Democratic Party members have engaged a UK law firm with expertise in anti-corruption and fraud to investigate former chief executive Leung Chun-ying’s involvement in the UGL controversy.
Speaking to the press on Wednesday, the party members – including Albert Ho, Lam Cheuk-ting, Andrew Wan, Roy Kwong and Senia Ng – said their campaign “Wolf-Hunting Action” recently enlisted the services of law firm Stephenson Harwood in the UK. The firm will assist in investigative work concerning UK court documents and provide confidential legal advice.
The campaign was also in the process of seeking legal representatives in Australia.
The controversy surrounds Leung’s receipt of a non-compete and non-poach payment of HK$50 million from the Australian firm UGL after it acquired UK firm DTZ. Leung was DTZ’s director in 2011, before he ran for chief executive. The payments were made in 2012 and 2013, during Leung’s tenure as Hong Kong leader, but were only made public by Australian media in 2014.
The Democratic Party team accused Leung of encouraging the acquisition deal so he could benefit, despite the existence of higher bids to acquire DTZ, and failing to declare the payment while in office. Leung has denied any wrongdoing.
At the press briefing, the campaign team repeated their call for Leung to reveal documents in his possession to prove his version of events.
Reviewing two legal letters sent by Leung’s lawyers dated April 30 and May 8, barrister Senia Ng said that Leung offered no documentary support or evidence for his position. Andrew Wan and Lam Cheuk-ting also said there were multiple inconsistencies in Leung’s statements.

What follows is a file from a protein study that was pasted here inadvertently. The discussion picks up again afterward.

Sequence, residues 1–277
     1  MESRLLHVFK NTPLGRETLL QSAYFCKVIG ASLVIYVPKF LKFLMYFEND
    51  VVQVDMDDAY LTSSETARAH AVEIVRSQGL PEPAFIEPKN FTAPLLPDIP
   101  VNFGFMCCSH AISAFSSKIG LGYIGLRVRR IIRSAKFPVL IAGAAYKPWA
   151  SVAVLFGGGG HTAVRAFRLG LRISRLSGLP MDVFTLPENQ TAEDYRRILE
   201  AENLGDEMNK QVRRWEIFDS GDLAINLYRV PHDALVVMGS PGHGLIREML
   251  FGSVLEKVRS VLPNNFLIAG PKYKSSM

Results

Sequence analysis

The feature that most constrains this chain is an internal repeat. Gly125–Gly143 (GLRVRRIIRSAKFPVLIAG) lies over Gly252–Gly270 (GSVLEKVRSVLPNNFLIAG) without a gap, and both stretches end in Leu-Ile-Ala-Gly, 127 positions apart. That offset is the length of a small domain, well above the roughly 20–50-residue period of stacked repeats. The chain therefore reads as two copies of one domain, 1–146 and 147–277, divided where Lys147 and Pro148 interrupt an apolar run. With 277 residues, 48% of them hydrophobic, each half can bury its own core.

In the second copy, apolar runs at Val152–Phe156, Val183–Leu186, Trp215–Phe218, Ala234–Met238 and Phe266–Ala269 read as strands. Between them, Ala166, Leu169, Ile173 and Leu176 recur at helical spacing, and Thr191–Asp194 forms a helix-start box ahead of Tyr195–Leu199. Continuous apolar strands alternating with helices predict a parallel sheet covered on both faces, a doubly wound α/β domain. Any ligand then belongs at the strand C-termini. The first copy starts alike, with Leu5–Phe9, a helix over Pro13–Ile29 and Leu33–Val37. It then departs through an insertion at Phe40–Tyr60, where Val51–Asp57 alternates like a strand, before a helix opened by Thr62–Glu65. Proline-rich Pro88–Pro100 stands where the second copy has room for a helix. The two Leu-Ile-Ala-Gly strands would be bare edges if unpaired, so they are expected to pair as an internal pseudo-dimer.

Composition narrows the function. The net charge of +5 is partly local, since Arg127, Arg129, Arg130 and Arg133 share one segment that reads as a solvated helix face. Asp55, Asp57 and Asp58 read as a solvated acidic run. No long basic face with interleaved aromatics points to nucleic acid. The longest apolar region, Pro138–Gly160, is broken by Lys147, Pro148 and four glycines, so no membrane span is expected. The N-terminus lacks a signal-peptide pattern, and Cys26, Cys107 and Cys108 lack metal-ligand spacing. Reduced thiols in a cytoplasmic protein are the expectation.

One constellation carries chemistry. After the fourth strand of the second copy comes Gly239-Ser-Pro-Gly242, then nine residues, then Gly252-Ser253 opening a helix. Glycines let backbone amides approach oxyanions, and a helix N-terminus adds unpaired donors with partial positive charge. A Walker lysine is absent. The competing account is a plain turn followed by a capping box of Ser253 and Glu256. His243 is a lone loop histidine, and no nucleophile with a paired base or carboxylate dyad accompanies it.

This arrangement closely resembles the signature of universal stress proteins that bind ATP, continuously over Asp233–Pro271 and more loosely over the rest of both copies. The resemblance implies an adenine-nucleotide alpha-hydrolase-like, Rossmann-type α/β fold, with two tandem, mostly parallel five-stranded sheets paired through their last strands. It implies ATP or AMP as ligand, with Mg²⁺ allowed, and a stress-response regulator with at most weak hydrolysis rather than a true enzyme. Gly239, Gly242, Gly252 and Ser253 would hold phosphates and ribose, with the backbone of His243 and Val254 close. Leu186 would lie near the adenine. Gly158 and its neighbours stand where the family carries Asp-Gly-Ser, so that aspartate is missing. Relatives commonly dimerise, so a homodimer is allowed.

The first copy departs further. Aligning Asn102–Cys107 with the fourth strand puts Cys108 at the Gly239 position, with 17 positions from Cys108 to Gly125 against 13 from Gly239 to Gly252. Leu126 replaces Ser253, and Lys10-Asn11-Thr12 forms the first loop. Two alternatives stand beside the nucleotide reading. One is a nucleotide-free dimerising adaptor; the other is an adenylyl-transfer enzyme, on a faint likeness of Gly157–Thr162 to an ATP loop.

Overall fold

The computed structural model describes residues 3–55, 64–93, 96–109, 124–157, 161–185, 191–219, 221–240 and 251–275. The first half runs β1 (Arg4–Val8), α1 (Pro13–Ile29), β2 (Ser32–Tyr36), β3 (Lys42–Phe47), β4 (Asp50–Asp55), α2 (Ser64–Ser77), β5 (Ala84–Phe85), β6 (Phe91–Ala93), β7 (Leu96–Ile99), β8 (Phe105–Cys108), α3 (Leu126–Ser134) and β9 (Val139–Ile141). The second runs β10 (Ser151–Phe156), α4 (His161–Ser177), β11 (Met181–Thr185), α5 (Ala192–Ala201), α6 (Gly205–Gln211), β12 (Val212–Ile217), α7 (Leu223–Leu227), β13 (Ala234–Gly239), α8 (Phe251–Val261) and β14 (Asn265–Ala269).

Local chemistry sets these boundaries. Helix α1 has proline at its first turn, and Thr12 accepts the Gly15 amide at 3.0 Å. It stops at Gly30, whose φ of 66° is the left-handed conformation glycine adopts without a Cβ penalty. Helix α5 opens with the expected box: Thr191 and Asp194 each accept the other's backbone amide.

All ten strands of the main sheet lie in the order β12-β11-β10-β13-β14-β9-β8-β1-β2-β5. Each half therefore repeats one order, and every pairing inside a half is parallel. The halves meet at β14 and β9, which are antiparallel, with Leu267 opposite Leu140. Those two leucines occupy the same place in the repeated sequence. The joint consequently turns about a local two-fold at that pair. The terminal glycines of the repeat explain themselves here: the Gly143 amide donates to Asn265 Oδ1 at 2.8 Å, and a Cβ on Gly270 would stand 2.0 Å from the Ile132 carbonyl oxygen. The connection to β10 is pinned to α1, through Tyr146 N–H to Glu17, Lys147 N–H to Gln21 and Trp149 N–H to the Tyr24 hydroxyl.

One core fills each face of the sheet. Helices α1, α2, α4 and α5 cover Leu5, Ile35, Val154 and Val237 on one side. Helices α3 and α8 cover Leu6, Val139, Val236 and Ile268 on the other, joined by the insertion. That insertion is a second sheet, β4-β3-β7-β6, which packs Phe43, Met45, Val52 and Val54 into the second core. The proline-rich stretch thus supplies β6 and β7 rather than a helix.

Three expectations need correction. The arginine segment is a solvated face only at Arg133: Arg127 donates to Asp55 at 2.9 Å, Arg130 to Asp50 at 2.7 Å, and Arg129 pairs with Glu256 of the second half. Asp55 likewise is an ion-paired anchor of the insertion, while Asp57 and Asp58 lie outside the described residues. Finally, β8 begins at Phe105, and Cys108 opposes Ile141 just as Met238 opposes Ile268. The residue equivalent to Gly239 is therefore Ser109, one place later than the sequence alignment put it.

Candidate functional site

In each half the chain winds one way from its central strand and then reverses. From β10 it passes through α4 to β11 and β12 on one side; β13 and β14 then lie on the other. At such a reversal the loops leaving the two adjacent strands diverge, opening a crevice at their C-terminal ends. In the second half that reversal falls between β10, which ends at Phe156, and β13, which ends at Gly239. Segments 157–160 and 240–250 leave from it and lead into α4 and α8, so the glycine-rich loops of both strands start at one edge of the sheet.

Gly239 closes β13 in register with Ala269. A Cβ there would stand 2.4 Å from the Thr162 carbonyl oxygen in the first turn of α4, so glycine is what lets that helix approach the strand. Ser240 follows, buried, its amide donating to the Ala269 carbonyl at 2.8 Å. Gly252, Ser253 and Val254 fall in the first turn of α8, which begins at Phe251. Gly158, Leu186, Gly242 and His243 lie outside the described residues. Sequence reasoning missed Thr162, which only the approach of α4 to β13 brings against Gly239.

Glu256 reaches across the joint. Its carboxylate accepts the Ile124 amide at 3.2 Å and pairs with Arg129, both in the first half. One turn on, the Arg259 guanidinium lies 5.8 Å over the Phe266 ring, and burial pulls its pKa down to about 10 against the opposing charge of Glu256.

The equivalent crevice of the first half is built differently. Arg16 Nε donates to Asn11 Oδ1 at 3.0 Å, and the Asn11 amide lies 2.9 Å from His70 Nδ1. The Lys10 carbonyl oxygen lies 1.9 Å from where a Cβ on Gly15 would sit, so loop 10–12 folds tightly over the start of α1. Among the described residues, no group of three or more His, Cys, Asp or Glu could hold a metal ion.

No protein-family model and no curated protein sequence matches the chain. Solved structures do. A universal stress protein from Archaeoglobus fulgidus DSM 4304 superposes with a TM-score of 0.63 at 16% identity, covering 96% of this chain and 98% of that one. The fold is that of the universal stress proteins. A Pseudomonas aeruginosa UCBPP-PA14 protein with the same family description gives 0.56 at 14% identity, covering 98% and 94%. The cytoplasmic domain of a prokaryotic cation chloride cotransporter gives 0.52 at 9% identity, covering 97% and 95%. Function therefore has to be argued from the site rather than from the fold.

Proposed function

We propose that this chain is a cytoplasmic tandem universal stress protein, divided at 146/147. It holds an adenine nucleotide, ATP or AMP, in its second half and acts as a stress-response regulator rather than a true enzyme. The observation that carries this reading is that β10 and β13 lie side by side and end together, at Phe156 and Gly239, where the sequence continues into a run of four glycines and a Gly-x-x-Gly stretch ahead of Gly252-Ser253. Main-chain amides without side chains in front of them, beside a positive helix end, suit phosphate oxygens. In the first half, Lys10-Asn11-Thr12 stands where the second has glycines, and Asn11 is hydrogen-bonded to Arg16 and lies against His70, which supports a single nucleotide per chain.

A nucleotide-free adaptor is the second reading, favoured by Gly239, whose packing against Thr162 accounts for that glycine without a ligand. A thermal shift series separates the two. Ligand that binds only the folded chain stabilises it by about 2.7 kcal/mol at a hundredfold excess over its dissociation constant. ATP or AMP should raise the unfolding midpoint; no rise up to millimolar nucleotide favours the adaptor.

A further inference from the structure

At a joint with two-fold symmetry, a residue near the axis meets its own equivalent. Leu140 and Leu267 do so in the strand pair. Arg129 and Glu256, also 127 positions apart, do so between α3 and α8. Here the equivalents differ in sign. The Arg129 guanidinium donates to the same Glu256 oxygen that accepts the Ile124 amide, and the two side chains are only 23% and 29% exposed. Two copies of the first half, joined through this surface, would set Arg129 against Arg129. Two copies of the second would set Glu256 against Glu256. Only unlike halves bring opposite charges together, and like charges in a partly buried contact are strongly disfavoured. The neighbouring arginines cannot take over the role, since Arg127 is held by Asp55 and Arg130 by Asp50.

The campaign team also disclosed recent expenses from the HK$2.23 million raised via crowdfunding. Thus far, the team has spent HK$475,179, of which HK$150,000 were fees for lawyers. The team said it expects expenses to climb rapidly once the lawyers start working in earnest, but did not say whether another crowdfunding drive would be forthcoming.
Former chief executive Leung issued a statement on Facebook in response, saying that Lam and other Democratic Party members were guilty of libel. Leung also said that the lawmakers “dodged the question repeatedly” during the press briefing.
“My previous legal letter to [the lawmakers] was sent on May 24, a month ago. Lam and others still have not offered a defence,” Leung wrote.
Leung also called on the campaign team to regularly disclose and explain their expenses to citizens who donated to the crowdfunding drive, and said he would continue to pursue a libel case against relevant parties.
- Coronavirus: Hong Kong set out new HK$137.5bn relief plan, including employee salary subsidies and MTR fare cuts
- ‘Meaningless’: Hong Kong rights groups dispute police claim of 104 cases of baton use at protests
- Coronavirus: Hong Kong extends limits on gatherings as beauty and massage parlours ordered to close